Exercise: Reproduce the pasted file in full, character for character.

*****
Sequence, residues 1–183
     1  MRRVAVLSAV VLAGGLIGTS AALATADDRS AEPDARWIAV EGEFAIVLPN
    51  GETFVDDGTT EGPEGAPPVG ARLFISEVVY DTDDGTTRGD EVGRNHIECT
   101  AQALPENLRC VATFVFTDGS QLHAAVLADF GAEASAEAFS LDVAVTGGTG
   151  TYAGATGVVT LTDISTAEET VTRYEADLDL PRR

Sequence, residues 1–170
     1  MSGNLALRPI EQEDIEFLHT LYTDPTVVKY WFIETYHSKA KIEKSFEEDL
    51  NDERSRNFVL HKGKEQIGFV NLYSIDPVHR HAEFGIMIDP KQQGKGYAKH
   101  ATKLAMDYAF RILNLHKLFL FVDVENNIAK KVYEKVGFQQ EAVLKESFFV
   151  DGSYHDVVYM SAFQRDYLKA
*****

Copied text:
Sequence, residues 1–183
     1  MRRVAVLSAV VLAGGLIGTS AALATADDRS AEPDARWIAV EGEFAIVLPN
    51  GETFVDDGTT EGPEGAPPVG ARLFISEVVY DTDDGTTRGD EVGRNHIECT
   101  AQALPENLRC VATFVFTDGS QLHAAVLADF GAEASAEAFS LDVAVTGGTG
   151  TYAGATGVVT LTDISTAEET VTRYEADLDL PRR

Sequence, residues 1–170
     1  MSGNLALRPI EQEDIEFLHT LYTDPTVVKY WFIETYHSKA KIEKSFEEDL
    51  NDERSRNFVL HKGKEQIGFV NLYSIDPVHR HAEFGIMIDP KQQGKGYAKH
   101  ATKLAMDYAF RILNLHKLFL FVDVENNIAK KVYEKVGFQQ EAVLKESFFV
   151  DGSYHDVVYM SAFQRDYLKA